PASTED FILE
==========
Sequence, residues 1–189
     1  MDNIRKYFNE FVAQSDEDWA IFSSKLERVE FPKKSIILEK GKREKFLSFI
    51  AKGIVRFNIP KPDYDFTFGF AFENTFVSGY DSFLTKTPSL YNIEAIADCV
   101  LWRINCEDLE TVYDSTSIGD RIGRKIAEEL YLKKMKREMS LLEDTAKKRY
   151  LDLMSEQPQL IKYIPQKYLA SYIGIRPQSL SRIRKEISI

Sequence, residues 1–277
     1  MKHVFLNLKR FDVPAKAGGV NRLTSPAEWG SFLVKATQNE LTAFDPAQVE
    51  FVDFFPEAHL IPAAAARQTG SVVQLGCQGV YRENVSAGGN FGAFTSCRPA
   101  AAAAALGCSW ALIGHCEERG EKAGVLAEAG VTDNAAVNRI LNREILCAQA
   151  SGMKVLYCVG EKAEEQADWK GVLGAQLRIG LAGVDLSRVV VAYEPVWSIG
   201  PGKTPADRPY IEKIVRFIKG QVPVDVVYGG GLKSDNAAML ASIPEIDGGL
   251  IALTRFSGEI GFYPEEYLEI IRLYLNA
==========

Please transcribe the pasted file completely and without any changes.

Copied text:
Sequence, residues 1–189
     1  MDNIRKYFNE FVAQSDEDWA IFSSKLERVE FPKKSIILEK GKREKFLSFI
    51  AKGIVRFNIP KPDYDFTFGF AFENTFVSGY DSFLTKTPSL YNIEAIADCV
   101  LWRINCEDLE TVYDSTSIGD RIGRKIAEEL YLKKMKREMS LLEDTAKKRY
   151  LDLMSEQPQL IKYIPQKYLA SYIGIRPQSL SRIRKEISI

Sequence, residues 1–277
     1  MKHVFLNLKR FDVPAKAGGV NRLTSPAEWG SFLVKATQNE LTAFDPAQVE
    51  FVDFFPEAHL IPAAAARQTG SVVQLGCQGV YRENVSAGGN FGAFTSCRPA
   101  AAAAALGCSW ALIGHCEERG EKAGVLAEAG VTDNAAVNRI LNREILCAQA
   151  SGMKVLYCVG EKAEEQADWK GVLGAQLRIG LAGVDLSRVV VAYEPVWSIG
   201  PGKTPADRPY IEKIVRFIKG QVPVDVVYGG GLKSDNAAML ASIPEIDGGL
   251  IALTRFSGEI GFYPEEYLEI IRLYLNA